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bellhopRecently we had a good debate about hatred. I appreciate those comments and the discussion that ensued. I still hold to the idea that God does not command us to hate, that we are not called to hatred simply because the bible tells us God Himself hates, nor do I believe hatred is a Christian value or virtue.

It is an emotion, not a calling.

Nor do I really hold to the idea that we should soften the word “hate” when we find it in scripture so it means something more akin to “love less.” However, here is an excellent article about that. It touches on language and culture, on understanding the more passionate language used in the bible and what is being conveyed in the context of culture at the time it was written. I appreciated this, because I recently had a conversation with a couple of missionaries in the Middle East and they too spoke of precisely the same thing, of culture and the extreme language that sometimes feels like hyperbole to them. Like how it is not unusual for a casual acquaintance to grab you and tell you how much they love you. “Love” and “hate” are used both casually and poetically and one’s honor and pride are really the central focus of just about everything, which can feel really foreign to more staid, Western sensibilities.

Clearly scripture uses the word “hate” quite frequently. If perceiving it as meaning “love less” is helpful, than by all means, do that. Myself, I prefer not to soften those words for a variety of reasons, one being that by the time we get to actually looking at sin or evil, “love-less” no longer really works. We aren’t really called to love sin a bit less than we do righteousness, so the translation begins to fall apart when it moves away from this context.

There is another way of perceiving the word “hatred” in the bible however, the method that I tend to use, where it provides a contrast for our hearts, a mirror reflection of the same kind of deep, passionate, emotion we are supposed to be directing towards love. The opposite of love is not hatred, it is indifference. On an emotional level hatred and love can run pretty close together, flip sides of the same coin. So if we can hate something intensely, we can flip that same kind of passion and intensity over to love.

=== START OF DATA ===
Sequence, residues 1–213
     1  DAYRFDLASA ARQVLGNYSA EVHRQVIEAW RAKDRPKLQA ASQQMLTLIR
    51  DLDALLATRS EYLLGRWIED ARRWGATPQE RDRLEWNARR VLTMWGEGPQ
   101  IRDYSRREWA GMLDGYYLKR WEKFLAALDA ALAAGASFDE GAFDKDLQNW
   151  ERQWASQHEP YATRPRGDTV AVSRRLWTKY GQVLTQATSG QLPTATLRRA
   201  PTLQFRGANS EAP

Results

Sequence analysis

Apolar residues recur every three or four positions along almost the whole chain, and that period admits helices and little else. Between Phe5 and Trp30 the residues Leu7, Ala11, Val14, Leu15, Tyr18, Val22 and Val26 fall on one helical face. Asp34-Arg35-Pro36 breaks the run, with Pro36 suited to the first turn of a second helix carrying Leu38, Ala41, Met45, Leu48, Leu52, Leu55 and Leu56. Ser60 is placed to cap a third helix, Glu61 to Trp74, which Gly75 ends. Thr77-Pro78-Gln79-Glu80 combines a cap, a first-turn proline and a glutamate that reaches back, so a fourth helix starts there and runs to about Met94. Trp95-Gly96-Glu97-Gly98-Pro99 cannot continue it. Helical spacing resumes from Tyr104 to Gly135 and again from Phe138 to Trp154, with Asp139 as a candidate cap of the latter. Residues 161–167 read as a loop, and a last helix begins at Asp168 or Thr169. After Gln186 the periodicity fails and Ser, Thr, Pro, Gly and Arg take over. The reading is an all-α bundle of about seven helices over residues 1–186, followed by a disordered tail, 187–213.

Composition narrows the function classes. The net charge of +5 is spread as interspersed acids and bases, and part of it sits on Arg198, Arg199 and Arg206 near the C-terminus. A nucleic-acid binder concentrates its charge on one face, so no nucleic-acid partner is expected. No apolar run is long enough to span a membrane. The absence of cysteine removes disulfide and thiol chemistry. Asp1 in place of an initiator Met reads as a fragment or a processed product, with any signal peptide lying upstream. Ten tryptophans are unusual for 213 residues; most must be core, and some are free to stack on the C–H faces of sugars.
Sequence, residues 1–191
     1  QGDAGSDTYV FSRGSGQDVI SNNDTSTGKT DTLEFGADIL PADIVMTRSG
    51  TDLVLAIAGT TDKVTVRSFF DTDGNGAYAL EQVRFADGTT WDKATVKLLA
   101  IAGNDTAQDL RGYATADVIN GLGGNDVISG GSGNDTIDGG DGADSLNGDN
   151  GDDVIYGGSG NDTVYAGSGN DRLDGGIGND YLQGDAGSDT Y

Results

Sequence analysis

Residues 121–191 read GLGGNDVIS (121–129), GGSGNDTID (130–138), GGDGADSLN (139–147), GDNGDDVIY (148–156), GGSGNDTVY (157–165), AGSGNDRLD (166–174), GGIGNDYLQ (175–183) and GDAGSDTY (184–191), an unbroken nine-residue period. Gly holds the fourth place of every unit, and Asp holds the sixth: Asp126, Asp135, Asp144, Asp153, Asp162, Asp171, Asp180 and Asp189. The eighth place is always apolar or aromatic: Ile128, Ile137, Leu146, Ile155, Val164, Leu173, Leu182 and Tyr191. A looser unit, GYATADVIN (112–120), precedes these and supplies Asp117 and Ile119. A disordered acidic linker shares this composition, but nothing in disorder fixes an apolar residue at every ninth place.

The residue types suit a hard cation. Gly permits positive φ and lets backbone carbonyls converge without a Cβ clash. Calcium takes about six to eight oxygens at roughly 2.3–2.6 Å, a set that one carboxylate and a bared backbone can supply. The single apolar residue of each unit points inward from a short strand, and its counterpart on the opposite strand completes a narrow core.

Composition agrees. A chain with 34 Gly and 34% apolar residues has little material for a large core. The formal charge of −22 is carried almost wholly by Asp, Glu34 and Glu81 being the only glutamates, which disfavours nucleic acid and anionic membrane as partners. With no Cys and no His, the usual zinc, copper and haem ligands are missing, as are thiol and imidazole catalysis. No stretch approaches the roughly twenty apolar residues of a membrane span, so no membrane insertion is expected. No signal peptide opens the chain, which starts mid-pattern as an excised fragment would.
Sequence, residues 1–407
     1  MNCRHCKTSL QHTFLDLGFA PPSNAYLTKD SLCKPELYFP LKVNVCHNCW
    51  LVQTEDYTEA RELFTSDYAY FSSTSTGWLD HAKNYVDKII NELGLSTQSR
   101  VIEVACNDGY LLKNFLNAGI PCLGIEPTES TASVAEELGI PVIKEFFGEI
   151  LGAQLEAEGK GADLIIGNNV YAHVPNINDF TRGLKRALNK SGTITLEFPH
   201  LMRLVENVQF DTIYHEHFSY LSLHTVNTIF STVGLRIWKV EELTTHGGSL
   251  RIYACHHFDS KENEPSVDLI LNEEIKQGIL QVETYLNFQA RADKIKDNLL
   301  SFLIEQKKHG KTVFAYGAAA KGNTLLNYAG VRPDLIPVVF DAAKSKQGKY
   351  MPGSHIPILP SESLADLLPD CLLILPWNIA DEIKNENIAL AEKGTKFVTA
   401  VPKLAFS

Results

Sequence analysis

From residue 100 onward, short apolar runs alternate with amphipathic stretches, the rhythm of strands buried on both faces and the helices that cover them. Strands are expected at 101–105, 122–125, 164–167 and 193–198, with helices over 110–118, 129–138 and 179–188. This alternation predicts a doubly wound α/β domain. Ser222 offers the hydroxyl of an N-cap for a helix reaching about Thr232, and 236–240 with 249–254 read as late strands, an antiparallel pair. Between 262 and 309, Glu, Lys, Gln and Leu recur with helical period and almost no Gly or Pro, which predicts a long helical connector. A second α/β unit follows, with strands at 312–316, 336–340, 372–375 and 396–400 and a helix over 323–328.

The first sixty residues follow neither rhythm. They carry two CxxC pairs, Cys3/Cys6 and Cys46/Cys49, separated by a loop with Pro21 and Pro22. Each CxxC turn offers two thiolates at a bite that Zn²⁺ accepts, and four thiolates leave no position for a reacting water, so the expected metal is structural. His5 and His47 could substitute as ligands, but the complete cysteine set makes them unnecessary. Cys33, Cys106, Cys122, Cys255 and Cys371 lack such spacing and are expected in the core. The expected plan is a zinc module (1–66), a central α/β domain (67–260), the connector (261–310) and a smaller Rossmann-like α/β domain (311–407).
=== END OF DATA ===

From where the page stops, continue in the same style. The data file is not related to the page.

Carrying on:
Luke 14:26 is a good example of this, “If any man come to me, and hate not his father, and mother, and wife, and children, and brethren, and sisters, yea, and his own life also, he cannot be my disciple.”

We are not being commanded to hate our families here, or even to love them less, we are being told to love God, to put Him first, with all the intensity and passion that we would usually reserve for hatred. God must become more important to us than all our other sentimentality and attachments, including our own lives. The language being used here is actually rhetoric and hyperbole, deliberately designed to trigger an emotional response.

Luke 10:27 says, “And he answered, “You shall love the Lord your God with all your heart and with all your soul and with all your strength and with all your mind, and your neighbor as yourself.”

How do we know what it looks and feels like to love God with all our heart, soul, and strength? Well, remember when you hated so badly every inch of your being wanted revenge on your enemies? Love God with that same kind of passion and intensity. That is part of what Luke 14:26 is conveying.

I have been really blessed by some of these passages. God put them right in front of me and imparted some wisdom I so desperately needed at the time. So they do not offend me at all, I am not uncomfortable with them, they can life saving. If you are surrounded on all sides by really dysfunctional family or in a bad relationship, Luke 14:26 can be the reminder, just the permission you need to put God first, to invest all your passion and energy into your relationship with Him, forsaking all others.